In this video from the Lake Tahoe gathering with some of the CrossFit elite, Chris Spealler eloquently expresses how separating one's identity from performance really takes off the breaks when it comes to excelling at the sport.
Spealler explains that doing this doesn't mean you don't have high expectations of yourself, you can still be disappointed with the result but if you've given everything you've got you shouldn't be disappointed with your performance.
"It's a battle everyday, every time I go in the gym, every time I get ready to hit the clock, I have to decide that my time on that workout does not dictate who I am."
He asks the group when they feel they perform their best and says that in his case it's not when he's paying attention to the other competitors or worrying about what people will think of him if he loses, it's when he's focusing on what he can do and doing it to the best of his ability. If you think about this it makes total sense. You can't control what your opponent or competitors are doing but you can control what you chose to focus on and whether that's something within or out of your control.
He goes on later to remind everyone that not every workout is going to be perfect but the difference between a perceived great day (PBs etc) and a day where nothing seems to come together is the meaning you put on it. You're going to miss reps but the second you become a victim of that you're defeated. It's just a rep! Forget it and carry on.
"I will not stop picking up the bar, I don't care if I feel like crap, I will not stop this workout"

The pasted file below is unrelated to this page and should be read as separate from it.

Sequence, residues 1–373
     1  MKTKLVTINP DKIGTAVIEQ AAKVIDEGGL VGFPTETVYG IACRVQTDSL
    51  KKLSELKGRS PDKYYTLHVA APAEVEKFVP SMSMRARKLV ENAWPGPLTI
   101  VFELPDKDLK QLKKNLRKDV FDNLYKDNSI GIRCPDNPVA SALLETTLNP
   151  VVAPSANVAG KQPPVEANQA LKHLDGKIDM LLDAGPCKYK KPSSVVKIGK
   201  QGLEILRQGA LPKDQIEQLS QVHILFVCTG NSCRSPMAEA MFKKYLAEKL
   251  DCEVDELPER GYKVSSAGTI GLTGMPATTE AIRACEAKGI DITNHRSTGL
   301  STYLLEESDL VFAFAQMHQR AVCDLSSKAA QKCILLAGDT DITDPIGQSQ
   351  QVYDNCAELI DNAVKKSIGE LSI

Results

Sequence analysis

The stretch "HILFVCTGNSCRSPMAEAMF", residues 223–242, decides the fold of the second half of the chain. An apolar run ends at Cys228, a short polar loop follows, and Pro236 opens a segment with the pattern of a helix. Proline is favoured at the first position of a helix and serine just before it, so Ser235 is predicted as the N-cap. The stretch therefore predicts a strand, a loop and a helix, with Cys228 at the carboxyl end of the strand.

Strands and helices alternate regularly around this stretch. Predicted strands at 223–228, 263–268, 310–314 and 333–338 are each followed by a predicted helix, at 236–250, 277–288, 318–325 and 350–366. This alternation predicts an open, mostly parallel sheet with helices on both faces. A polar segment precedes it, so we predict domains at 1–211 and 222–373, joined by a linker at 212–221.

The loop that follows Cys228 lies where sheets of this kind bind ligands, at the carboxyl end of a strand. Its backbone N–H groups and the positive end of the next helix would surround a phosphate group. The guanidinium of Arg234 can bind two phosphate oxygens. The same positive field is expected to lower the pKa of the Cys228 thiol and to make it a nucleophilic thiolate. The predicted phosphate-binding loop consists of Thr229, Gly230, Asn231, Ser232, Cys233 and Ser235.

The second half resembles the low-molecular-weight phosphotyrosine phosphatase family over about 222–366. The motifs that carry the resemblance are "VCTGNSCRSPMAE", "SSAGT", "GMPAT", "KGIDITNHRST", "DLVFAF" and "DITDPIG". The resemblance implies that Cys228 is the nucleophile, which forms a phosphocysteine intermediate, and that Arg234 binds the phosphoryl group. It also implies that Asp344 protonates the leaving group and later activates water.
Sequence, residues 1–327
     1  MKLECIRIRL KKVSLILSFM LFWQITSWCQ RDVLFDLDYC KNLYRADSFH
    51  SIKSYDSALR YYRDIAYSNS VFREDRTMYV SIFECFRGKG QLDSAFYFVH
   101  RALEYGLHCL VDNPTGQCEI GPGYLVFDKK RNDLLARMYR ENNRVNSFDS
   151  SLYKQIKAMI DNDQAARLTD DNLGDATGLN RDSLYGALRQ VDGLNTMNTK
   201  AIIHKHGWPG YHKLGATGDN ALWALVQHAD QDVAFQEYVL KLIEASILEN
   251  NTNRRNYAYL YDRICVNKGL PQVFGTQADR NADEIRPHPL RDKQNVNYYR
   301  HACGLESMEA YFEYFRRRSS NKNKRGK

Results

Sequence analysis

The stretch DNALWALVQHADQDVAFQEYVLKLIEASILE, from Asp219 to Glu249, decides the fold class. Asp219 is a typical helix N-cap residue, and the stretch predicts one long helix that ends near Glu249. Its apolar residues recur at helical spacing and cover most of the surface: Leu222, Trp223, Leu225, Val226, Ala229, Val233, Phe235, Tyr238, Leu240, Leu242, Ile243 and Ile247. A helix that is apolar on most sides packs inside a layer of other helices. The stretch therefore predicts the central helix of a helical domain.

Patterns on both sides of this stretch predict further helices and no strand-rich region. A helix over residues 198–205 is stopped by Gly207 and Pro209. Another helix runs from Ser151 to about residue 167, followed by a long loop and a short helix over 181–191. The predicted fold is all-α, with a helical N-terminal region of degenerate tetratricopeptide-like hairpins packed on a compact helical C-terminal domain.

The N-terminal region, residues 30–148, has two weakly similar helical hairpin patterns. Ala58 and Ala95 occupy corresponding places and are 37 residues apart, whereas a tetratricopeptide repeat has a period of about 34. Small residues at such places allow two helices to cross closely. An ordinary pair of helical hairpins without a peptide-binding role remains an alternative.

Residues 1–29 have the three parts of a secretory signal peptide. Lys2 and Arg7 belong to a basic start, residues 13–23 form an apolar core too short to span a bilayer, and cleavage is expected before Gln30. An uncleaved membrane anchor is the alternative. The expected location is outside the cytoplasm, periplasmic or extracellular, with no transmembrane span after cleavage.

You need to believe you can win regardless of who you're up against (even if that doesn't seem likely, even if it seems impossible). If you don't set out with the belief that it's possible for you to come out on top you almost certainly won't.
"I walked into the games thinking I'm here to win, I am going to win, I believe I can win and I let myself be vulnerable enough to allow myself to believe I was going to win, but if I didn't everything was still going to be ok because it doesn't identify me."
I heard a phrase that really stuck with me "it takes no guts to be skeptical" and I bet you can think of plenty of people you know who ramble on about how unrealistic something is, all the reasons why you can't do something bla bla bla. In the Pursuit of Happiness Will Smith tells his son "if people can't do something they want to tell you that you can't do it" and that if you want something, go after it. To achieve great things I believe you need to put yourself on the line emotionally, it's the skepticism that people use to stop themselves from getting hurt because if you never believe it's going to happen and it doesn't you never said it was going to in the first place so it's no big deal.
Train hard, prepare as much as you can physically but condition your mind to believe that you are an athlete to be reckoned with. Regardless of the result you will always be you so don't be afraid to take that leap into believing that you can win. Stay focused on what you can control and doing this to the best of your ability :)